Lawmaker hopes to increase low voter turnout - - Jackson, MS

Lawmaker hopes to increase low voter turnout

Source: WLBT Source: WLBT
Source: WLBT Source: WLBT
Source: WLBT Source: WLBT
Source: WLBT Source: WLBT
JACKSON, MS (Mississippi News Now) -

Hinds County voters returned to the polls Tuesday in the special election runoff for county attorney, but election officials reported extremely low turnout, which isn't uncommon for runoffs.

One lawmaker hopes bills he is introducing will increase the numbers casting their ballots.

Throughout much of the day, Tuesday poll workers sat waiting for voters.

At Precinct 14, Fondren Presbyterian Church, only eight people had voted by 11:30 in the special runoff is for county attorney.

According to Hinds County election officials, just  6.8% of registered voters cast their ballot in the November 7 election.

There are more than 150,800 registered voters in the county.

State Senator David Blount (D) is working on legislation to address low voter turnout and improve voter participation.

His daughter who is in college has spent $20.00 to receive and notarize ballots for both elections.

"It is very difficult to vote absentee. You have to request a ballot that has to be notarized," said Blount. "Where she lives that costs $5.00 to get something notarized. Then you have to get a ballot. That has to be notarized. that's $10.00. Then you have to request a runoff ballot if you're voting in today's runoff election".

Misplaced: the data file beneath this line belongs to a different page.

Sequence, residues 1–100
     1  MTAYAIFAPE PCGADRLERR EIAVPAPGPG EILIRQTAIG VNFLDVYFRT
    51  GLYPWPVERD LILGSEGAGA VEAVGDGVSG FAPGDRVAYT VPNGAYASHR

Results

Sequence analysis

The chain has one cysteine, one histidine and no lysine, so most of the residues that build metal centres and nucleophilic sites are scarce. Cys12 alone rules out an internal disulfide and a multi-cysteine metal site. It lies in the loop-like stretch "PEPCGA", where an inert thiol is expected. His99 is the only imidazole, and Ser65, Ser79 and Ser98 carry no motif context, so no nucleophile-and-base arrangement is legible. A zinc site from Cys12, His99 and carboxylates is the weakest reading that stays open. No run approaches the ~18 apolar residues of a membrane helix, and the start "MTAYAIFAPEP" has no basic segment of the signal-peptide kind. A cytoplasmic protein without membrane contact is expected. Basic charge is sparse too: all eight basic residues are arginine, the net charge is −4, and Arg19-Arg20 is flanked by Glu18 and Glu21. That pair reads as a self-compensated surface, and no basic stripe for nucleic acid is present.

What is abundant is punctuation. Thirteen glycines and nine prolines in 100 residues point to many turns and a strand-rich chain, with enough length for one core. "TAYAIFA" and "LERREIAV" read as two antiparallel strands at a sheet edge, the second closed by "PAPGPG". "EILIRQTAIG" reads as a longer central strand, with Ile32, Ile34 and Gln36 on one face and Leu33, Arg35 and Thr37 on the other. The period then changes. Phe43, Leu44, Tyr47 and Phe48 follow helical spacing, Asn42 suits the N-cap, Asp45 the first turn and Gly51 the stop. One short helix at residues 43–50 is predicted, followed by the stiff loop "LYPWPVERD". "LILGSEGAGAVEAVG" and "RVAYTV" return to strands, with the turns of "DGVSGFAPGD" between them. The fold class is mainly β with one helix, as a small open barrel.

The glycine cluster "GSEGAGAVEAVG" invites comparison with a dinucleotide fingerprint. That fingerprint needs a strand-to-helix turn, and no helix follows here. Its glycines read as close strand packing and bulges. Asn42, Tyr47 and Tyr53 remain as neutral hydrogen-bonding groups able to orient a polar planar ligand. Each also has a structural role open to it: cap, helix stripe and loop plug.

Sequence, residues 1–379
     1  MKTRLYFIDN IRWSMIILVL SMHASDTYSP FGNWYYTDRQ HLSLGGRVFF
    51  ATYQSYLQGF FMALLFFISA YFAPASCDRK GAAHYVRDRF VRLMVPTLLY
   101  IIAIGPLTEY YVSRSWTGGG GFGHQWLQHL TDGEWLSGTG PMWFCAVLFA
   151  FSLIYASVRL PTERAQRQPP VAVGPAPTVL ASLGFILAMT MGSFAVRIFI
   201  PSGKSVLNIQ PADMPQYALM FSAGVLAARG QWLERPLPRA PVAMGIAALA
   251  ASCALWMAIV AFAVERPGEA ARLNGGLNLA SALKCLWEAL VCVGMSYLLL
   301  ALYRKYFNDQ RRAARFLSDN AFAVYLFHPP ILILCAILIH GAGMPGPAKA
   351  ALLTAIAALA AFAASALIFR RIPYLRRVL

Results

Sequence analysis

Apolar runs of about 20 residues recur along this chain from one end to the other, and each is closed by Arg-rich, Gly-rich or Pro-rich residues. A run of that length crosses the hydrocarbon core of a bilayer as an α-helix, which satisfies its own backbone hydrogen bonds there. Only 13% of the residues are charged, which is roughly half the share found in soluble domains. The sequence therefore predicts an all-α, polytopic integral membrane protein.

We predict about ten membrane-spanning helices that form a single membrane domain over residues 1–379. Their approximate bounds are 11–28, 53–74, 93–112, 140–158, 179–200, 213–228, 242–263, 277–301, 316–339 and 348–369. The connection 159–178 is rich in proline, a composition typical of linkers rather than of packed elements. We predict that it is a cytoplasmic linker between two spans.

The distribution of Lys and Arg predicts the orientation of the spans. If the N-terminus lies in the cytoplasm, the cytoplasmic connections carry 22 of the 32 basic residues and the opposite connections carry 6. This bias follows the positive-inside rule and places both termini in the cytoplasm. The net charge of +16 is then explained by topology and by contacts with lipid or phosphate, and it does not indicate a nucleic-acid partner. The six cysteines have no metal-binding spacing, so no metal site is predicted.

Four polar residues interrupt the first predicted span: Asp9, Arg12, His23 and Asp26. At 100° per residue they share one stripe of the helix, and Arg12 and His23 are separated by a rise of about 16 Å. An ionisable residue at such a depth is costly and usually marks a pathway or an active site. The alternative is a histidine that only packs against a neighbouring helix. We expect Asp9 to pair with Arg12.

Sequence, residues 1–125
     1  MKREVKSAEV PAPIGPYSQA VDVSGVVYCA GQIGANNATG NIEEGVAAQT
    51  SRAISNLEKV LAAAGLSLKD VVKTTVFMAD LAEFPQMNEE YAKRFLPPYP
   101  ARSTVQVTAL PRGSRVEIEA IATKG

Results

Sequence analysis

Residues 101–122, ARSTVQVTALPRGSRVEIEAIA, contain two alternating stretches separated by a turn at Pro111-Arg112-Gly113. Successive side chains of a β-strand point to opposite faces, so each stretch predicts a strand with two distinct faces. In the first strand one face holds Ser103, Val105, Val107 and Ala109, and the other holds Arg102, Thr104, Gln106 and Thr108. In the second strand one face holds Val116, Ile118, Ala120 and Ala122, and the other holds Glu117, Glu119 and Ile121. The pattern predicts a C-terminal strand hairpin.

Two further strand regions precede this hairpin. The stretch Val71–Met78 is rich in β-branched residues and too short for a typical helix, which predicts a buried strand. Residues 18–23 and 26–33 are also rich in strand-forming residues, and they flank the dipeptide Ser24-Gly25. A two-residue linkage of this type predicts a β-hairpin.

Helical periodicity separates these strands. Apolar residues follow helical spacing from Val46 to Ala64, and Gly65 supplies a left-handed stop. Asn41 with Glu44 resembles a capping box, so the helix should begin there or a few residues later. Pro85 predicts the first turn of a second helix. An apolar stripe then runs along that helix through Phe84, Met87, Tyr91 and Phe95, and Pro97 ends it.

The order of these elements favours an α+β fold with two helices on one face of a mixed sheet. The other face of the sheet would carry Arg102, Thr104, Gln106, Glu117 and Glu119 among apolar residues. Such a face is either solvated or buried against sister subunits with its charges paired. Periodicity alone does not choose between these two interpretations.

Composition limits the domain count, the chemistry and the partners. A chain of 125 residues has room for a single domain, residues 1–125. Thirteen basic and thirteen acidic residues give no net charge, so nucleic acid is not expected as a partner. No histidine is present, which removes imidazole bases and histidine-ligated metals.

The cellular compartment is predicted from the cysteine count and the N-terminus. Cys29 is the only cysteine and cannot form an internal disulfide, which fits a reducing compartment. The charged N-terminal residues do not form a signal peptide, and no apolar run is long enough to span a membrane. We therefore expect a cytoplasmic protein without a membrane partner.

Over the past three years, Blount has also introduced bills addressing, early voting and online voter registration.

He believes making the process more convenient could increase voter participation.       

"What we want is more people to participate in the process while at the same time protecting the integrity of the process and if you have early voting like most states do and you show your ID in the courthouse there's no reason why you shouldn't be able to go ahead and get that vote cast," added the three-term senator.

Blount is working on the legislation. Lawmakers return to the Capitol January 2.

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